Earlier this year, the Big Cat and Endangered Wildlife Centre experienced a “baby boom” to five of their cheetah families, with a total of 17 cheetah cubs being born in one month. Overall the adorable cubs are healthy, and have been growing stronger with each passing day, with some of them having been recently moved to the teenage enclosure, to allow closer monitoring, as they reach this critical stage in their growth.
“For most of us the biggest highlights have been assisting in the preparation and feeding of the cheetahs and cats.”
This Wildlife Conservation Centre, which is based on a beautiful game reserve near Hoedspruit has established itself as a leading sanctuary for endangered wildlife as well as a breeding centre for several species at risk in South Africa, particularly the Cheetah.
The wildlife that have found a safe home at the centre are not limited to the many cheetah found there (including the King Cheetah) but also include the African Wild Dog, Black-Footed Cats, Lions, Leopard, African Wild Cats, Hyena, Ground Horn Bills, Sable Antelope and Rhino to name a few. The Centre has literally become a lifeline for many animals in need of care and a safe home in the local area and across South Africa. Where possible animals are rehabilitated and released into their natural habitat however this is not always possible and for many of the animals the Centre is now their home.
“In camp we lived with a young monkey, a young warthog, an African Wild Cat (a species) and a miniature dog, all rescued. They made for much entertainment and lots of chaos….. Elephants, giraffe, impala all came up close to observe us in the volunteer camp. A hippo would sometimes keep us from moving around easily in our jeep.” Mary, UK, aged 67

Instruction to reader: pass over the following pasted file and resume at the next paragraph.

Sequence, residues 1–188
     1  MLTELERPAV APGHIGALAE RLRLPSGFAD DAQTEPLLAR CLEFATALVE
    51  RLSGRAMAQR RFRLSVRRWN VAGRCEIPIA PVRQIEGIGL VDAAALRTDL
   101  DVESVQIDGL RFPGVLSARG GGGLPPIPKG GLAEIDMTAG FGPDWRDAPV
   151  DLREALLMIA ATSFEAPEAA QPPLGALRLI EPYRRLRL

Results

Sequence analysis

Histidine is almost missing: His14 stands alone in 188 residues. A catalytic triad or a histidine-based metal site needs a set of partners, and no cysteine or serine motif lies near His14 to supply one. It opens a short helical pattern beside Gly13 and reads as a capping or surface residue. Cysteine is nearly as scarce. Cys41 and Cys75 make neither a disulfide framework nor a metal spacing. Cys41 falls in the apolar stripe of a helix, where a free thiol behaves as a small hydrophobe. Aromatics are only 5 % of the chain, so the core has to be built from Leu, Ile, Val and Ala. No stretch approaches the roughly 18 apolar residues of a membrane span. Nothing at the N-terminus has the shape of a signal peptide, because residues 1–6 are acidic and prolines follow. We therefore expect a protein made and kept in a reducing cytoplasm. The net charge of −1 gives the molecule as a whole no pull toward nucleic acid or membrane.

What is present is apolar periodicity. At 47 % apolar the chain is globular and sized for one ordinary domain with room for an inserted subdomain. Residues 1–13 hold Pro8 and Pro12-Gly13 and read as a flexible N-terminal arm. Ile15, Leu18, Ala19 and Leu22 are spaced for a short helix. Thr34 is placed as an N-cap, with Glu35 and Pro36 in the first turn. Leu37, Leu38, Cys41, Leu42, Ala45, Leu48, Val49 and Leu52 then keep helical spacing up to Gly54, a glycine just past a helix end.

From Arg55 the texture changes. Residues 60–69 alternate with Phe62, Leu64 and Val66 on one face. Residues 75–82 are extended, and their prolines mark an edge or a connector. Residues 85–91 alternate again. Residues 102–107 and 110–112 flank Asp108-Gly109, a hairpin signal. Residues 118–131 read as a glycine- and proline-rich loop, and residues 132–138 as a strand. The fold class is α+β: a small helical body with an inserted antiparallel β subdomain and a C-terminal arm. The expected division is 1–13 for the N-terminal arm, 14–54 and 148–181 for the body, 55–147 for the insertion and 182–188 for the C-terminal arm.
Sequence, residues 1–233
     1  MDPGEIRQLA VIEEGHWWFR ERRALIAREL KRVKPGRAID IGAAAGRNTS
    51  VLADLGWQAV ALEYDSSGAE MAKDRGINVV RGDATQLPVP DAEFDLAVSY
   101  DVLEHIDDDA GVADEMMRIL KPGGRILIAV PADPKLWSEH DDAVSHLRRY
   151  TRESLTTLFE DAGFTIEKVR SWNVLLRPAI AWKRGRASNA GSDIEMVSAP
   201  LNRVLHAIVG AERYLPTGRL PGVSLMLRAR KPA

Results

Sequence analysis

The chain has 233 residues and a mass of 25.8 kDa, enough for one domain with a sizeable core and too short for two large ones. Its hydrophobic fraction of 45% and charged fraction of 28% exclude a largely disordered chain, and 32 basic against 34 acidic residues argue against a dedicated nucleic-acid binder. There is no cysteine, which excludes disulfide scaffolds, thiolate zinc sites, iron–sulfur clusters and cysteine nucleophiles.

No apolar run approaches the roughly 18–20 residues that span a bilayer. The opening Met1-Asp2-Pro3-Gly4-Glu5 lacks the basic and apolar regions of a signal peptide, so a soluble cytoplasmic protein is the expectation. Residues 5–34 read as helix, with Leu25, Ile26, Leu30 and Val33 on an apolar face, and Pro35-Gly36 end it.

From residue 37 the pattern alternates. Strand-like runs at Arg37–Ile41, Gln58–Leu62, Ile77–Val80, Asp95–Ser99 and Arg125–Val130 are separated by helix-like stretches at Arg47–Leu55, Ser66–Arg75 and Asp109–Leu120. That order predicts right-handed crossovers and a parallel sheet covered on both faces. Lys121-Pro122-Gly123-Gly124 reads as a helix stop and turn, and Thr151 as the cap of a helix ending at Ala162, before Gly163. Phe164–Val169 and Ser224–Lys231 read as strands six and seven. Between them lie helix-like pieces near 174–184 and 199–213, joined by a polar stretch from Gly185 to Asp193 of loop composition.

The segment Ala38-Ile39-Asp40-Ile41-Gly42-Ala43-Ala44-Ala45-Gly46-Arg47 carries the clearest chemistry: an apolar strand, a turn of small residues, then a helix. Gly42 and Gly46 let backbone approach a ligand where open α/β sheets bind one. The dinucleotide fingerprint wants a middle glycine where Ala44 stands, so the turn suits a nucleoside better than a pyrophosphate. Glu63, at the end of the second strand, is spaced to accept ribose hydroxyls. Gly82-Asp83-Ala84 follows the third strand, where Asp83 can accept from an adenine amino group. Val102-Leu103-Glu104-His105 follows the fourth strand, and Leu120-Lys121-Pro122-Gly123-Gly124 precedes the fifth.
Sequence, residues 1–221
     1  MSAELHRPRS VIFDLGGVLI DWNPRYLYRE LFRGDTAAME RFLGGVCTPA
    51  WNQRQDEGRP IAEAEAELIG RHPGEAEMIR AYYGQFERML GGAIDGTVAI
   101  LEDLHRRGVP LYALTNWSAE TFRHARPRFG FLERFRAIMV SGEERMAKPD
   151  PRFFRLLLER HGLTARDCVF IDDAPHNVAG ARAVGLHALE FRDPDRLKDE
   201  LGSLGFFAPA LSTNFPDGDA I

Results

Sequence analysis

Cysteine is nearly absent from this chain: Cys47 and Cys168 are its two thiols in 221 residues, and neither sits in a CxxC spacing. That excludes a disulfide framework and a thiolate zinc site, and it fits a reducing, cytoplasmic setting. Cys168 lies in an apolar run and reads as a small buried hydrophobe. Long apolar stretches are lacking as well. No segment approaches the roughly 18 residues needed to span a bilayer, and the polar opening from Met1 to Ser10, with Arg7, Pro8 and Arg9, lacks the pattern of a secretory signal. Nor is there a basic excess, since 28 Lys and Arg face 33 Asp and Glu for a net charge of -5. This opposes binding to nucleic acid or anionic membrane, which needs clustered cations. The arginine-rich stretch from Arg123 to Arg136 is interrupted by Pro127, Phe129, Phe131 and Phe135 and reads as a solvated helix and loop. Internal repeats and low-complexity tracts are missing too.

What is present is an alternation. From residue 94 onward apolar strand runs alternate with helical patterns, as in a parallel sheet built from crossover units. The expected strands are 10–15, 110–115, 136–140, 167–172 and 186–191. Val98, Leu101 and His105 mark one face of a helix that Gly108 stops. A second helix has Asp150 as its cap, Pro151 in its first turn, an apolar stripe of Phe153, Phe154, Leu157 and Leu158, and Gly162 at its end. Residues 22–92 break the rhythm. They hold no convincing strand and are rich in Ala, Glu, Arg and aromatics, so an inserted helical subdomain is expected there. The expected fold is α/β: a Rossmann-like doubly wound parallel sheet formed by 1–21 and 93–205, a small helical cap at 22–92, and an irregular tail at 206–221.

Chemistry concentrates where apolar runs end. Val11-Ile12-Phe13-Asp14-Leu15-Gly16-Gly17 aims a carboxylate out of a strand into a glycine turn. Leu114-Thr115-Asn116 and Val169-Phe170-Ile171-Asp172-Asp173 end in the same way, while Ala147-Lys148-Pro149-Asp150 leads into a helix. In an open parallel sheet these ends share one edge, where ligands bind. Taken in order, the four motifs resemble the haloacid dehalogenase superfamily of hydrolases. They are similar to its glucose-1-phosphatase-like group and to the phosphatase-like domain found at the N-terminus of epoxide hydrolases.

The volunteer programme has been updated recently, to include more veterinarian work, and volunteers who join this project will have the opportunity to work as part of the dedicated Wildlife Department, working up close and hands on caring for the many animals there. The Centre has an on-site veterinary clinicand observation area for sick and injured animals and volunteers may be involved in any medical attention the animals require whilst on the project.
Volunteers may also be involved in the release of animals into suitable areas where they have a second chance at life in their natural habitat. Earlier in the summer, a leopard had been trapped by a farmer for stealing his livestock, and was brought to the Centre to monitor for wellbeing. After a couple of months, a suitable spot was chosen and his droppings were spread to make him feel more comfortable in his new environment, a collar was fitted and the beautiful male leopard was released and sightings have been frequent.
Volunteers are accommodated in thatched huts – each sleeping two people – in a camp which is situated within the boundaries of a beautiful Private Game Reserve, which is home to the Big Five. Accommodation is basic, but clean, and separate facilities are available for male and female volunteers. The Centre are in the process of building guest accommodation, right next to the cheetah’s enclosure – so watch this space for progress reports on this exciting development…
“Thank you very much for everything! We never expected to get sooo close to all the animals in the centre, it was a really hands on and close up experience. Also the excursions were great! We saw a lot of the regions amazing landscape and an awesome sunset” Annete and David, USA
You can keep an eye on the cheetah cubs progress, by following their progress on Amanzi Travel’s Facebook page, to hear about all their antics and activities, and more news from this amazing Big Cat and Wildlife Conservation Centre.